Now I'm a huge fan of Lynch and halfway through the film I felt the need to stop it for a while (both on first and second viewings), so I can only imagine the frustration and anger of someone who already dislikes his work sitting through Inland Empire, waiting to be spoonfed something that makes sense. I think any enjoyment I got out of this film comes from the fact that I don't particularly mind if movies aren't a completely coherent experience (even although it is actually possible to make some sense of Inland Empire, just not on a Mulholland Drive level) because sometimes cinema doesn't have to be anything more than a series of abstractions; sometimes images don't have to be explained or put into words. I think that has to be said because too many people sometimes forget that cinema as a medium is something more than just storytelling. Therefore, any dislike I have for Inland Empire mostly comes from other things.

And there is a lot I really don't like about Inland Empire, the most notable example fresh in my mind is the dreadful ending/credit sequence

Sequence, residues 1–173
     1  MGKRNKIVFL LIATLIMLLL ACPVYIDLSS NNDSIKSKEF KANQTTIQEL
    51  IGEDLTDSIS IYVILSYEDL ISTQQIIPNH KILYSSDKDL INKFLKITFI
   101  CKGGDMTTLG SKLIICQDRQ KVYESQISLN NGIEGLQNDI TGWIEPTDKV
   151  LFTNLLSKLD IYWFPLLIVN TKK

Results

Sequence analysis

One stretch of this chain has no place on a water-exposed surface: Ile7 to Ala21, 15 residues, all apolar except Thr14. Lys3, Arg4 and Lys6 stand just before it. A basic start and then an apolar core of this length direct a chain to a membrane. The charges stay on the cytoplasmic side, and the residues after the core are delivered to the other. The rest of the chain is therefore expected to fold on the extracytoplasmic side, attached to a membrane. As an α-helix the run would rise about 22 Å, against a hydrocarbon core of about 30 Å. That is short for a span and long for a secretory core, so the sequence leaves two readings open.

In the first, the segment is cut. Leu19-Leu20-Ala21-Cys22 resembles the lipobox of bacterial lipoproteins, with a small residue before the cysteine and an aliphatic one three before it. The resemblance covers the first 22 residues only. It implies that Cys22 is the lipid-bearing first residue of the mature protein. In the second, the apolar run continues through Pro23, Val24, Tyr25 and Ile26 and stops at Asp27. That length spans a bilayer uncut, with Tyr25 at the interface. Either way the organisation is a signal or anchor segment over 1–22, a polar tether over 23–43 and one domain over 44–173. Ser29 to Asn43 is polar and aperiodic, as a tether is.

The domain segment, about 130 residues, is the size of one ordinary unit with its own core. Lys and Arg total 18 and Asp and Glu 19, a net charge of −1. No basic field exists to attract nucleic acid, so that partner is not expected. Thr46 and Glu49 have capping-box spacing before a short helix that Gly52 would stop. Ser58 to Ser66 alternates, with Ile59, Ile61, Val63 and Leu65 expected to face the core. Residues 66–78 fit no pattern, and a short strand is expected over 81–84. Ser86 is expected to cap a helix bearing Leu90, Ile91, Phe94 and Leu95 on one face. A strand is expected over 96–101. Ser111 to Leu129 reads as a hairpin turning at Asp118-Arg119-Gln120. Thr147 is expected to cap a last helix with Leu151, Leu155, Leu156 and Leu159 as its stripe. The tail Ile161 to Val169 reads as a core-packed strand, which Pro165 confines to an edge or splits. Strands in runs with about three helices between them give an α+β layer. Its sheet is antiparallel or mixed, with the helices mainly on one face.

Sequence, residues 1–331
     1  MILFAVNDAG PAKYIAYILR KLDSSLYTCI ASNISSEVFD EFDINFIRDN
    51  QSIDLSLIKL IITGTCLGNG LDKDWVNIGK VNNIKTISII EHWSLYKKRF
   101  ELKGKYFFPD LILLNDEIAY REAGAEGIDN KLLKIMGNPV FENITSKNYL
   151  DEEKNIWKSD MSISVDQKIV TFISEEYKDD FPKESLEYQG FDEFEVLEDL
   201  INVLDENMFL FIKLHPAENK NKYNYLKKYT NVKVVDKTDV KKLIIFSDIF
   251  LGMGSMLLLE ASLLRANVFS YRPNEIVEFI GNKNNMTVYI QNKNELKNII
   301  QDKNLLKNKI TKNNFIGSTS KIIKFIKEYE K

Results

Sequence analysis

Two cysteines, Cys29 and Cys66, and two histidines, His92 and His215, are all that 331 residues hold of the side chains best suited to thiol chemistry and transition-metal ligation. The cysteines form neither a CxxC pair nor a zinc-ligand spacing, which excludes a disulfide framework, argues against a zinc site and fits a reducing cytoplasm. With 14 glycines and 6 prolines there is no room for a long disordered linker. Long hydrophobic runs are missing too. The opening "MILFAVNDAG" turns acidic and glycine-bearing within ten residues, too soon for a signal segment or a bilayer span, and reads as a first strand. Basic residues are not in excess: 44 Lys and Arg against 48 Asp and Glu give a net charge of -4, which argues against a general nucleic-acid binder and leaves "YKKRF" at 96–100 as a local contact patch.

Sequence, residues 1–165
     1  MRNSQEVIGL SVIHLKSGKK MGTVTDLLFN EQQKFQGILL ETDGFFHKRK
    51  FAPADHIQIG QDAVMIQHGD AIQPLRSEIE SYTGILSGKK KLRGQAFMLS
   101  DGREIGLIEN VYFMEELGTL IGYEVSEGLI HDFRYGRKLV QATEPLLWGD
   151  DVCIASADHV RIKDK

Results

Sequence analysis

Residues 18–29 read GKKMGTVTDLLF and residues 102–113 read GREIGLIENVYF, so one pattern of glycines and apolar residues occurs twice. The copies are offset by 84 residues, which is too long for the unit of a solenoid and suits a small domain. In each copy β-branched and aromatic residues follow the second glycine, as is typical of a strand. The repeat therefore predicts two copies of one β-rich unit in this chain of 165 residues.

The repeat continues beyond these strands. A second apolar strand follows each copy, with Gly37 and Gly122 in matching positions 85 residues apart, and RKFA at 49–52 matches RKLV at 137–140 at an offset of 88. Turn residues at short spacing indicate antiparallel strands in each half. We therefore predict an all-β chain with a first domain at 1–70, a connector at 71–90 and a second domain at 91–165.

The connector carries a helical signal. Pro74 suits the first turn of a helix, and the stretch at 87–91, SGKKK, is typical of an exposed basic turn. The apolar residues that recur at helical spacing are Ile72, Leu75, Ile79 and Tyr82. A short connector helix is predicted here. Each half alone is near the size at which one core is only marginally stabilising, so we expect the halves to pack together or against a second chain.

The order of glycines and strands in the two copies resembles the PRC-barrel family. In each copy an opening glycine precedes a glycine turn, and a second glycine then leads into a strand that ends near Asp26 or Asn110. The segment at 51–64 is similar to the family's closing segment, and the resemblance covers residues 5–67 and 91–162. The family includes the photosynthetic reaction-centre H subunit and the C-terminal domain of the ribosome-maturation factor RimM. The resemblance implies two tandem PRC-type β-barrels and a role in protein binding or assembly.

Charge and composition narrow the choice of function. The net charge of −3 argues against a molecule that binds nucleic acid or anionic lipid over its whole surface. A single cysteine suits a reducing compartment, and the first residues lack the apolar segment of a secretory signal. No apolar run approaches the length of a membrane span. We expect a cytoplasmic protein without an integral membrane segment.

it's only redeeming factor is the appearance of Laura Harring
, actually I hate any scene involving the hookers coming to think of it. In fact, I think it might be David Lynch and David Lynch only who likes those scenes. Which is probably another one of the film's problems, it is more self-indulgent than any of his previous work. I don't necessarily mind that too much, but I know that a lot of people do.

I'm not going to discuss what I think the film is about, because I truly think it's beside the point (and I'm still not entirely certain and it isn't possible to be). I'm also not going to give it a rating because the only rating I could give it even after a second viewing is a what the fuck out of 10. My thoughts are still divided, but what I do know is that Inland Empire is an overwhelming and unsettling experience unlike anything else.

tl;dr: I liked the rabbits.
 


the man from earth